Researchers from the Max Planck Institute have suggested that there is another method for which methane can be produced in large quantities on Mars, a way which was previously overlooked due to the expected contribution being extremely small. In the laboratory they have exposed fragments of the Murchison meteorite, which is a carbonaceous meteorite that landed in Australia in 1969, to a simulated Martian atmosphere. The difference between the Martian and Earth atmospheres are quite dramatic, with temperatures dropping below -120C at night, air which is mostly composed of carbon dioxide and most critically for the Max Planck researchers is that it is exposed to extremely energetic ultra-violet radiation from the Sun. It was found that upon exposing ground-up fragments of the Murchison meteorite to similar levels of ultra-violet radiation as found on the Martian surface, a large quantity of methane was released from its internal structure. Since the Murchison meteorite is expected to be representative of most carbonaceous meteors within our solar system, it is expected that much of the surface of Mars could be littered with many tiny fragments of these meteors. These meteors would be exposed to different levels of the Sun's ultra-violet rays depending on the Martian season and emit significant quantities of methane. Of course the researchers at the Max Planck Institute do point out that even this significant contribution of methane to the atmosphere on Mars is not enough to explain all of it, meaning that other sources, including life, could still be needed.
Interview with Ian Morison
Our own night sky expert, Ian Morison, followed in the footsteps of Captain Cook by observing a transit of Venus at Astronomer's Point in the Dusky Sound fjord of New Zealand on the 6th of June. In this interview, he tells us about his voyage and how he attempted to measure the astronomical unit by combining his transit timings with those of a fellow observer in Alaska. He also explains why a Venus transit is a special event, and talks about historical attempts to measure the distance from the Earth to the Sun such as that by radar observations of Venus from Jodrell Bank Observatory.
Interview with Dr Paolo Padovani
Liz talked to Dr. Paolo Padovani from the ESO headquarters in Munich, Germany about radio-quiet and radio-load active galactic nuclei (AGNs). He explained to us the different components of the AGNs and how they are observed and classified, depending on their radio, optical and x-ray emission. He also talked about the ELT (Extremely Large Telescope) and what can we detect with it.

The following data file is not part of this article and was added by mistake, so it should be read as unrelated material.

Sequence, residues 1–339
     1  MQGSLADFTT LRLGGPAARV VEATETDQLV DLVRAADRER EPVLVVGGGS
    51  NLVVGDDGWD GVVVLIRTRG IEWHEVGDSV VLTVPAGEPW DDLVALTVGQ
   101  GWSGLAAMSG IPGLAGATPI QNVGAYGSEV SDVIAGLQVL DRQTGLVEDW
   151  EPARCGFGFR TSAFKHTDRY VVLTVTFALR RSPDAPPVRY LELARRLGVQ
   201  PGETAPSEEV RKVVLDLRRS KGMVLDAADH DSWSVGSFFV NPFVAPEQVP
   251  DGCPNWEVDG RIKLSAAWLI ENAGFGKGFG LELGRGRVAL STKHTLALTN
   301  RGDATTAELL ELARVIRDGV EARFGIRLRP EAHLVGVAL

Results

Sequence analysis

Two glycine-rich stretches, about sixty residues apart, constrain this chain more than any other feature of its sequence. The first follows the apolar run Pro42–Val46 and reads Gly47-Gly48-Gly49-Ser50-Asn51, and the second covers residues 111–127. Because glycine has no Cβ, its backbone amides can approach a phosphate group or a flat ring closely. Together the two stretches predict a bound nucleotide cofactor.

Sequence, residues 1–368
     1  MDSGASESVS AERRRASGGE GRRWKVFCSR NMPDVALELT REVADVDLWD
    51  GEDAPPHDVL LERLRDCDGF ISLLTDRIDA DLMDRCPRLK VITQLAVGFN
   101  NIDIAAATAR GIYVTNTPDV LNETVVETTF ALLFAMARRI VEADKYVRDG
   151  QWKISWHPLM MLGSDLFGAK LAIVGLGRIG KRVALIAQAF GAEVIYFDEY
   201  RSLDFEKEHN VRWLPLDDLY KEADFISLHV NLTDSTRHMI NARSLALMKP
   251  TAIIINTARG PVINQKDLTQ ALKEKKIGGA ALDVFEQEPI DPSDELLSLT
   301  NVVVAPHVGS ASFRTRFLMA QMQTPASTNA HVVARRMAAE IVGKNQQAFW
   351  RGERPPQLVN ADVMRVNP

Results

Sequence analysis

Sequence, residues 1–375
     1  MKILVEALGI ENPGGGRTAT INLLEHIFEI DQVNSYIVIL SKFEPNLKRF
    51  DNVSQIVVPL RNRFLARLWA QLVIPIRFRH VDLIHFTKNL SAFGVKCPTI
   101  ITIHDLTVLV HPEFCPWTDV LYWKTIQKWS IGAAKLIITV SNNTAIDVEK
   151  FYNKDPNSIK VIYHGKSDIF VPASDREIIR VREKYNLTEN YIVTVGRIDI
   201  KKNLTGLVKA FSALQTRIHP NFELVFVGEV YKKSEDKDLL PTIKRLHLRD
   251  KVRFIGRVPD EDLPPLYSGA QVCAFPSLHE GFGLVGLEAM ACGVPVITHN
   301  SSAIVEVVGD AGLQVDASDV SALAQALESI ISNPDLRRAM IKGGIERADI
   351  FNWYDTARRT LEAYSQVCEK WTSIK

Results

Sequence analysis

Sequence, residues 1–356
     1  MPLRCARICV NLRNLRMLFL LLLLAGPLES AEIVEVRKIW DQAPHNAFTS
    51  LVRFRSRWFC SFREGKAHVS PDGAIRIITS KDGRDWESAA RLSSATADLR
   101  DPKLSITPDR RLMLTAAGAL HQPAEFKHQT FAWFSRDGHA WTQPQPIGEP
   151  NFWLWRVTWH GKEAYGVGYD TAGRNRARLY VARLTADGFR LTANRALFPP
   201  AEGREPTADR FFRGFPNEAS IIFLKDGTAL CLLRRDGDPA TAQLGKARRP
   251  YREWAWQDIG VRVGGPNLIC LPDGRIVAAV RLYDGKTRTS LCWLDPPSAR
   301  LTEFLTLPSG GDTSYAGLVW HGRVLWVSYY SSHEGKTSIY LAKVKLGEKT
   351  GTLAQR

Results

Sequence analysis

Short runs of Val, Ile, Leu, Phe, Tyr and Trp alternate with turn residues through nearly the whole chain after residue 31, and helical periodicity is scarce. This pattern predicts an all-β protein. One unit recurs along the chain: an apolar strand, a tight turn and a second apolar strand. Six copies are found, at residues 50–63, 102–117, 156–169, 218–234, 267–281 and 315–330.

Interview with Jakub Bochinski
Jakub Bochinski from the Open University, tells us about observing exoplanets with the PIRATE observatory. PIRATE (Physics Innovations Robotic Astronomical Telescope Explorer) is a semi-robotic telescope in Majorica which can be controlled by astronomers using their mobile phones. Jakub goes on to tell us about the SuperWASP telescope and its search for exoplanets using the transit method, where the exoplanet passes in front of the parent star causing a dip in the light observed from the star. Jakub also mentions the number of planets currently discovered by Kepler and Superwasp and for the most current planet discoveries, click here: Kepler and SuperWASP.
The Night Sky
Ian Morison tells us what we can see in the northern hemisphere night sky during July 2012.
Leo, containing the planet Mars, and Virgo, hosting Saturn, are setting in the west as darkness falls at the beginning of the month. The bright star Arcturus, in Boötes, is higher in the north-west. To its left is the circlet of stars called Corona Borealis, the Northern Crown. The Keystone asterism, in Hercules, is further up and left. Two-thirds of the way up the right-hand side of this trapezium of four stars, binoculars allow you to see the fuzzy glow of the globular cluster M13, the biggest and brightest in the northern hemisphere sky. Further over still is the Summer Triangle of the stars Vega in Lyra, Deneb in Cygnus and Altair in Aquila. Moving up from Altair towards Vega with binoculars, you reach a dark area called the Cygnus Rift, which contains cosmic dust that obscures part of the Milky Way. The asterism Brocchi's Cluster, or the Coathanger, is within this region. The small constellation of Delphinus, the Dolphin, is to the left of Altair.
- Jupiter is a pre-dawn object, rising in the east-north-east about two hours before the Sun at the beginning of the month. It lies in Taurus and is between the Hyades and Pleiades Clusters on the 1st, as well as being close to Venus. It has a magnitude of -2.1 and an angular size of 35", and appears to get larger during the month. Saturn is nearing the end of its current apparition, and is seen low in the west after sunset at magnitude +0.7. It is 5° north of the first-magnitude star Spica in Virgo. Its disc is 17" across, while its rings are inclined at 13.5° to the line of sight. It will appear 90° around the horizon from the Sun on the 15th, allowing the shadow of the disc to be seen on the rings.